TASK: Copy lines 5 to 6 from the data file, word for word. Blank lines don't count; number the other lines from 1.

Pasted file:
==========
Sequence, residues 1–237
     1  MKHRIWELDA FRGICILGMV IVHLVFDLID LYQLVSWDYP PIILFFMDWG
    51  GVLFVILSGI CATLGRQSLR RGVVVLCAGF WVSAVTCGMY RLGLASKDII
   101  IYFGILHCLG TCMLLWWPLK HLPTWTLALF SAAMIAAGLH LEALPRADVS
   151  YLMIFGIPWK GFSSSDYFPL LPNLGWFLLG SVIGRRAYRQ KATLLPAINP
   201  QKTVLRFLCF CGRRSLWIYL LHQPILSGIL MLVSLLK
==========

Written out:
   151  YLMIFGIPWK GFSSSDYFPL LPNLGWFLLG SVIGRRAYRQ KATLLPAINP
   201  QKTVLRFLCF CGRRSLWIYL LHQPILSGIL MLVSLLK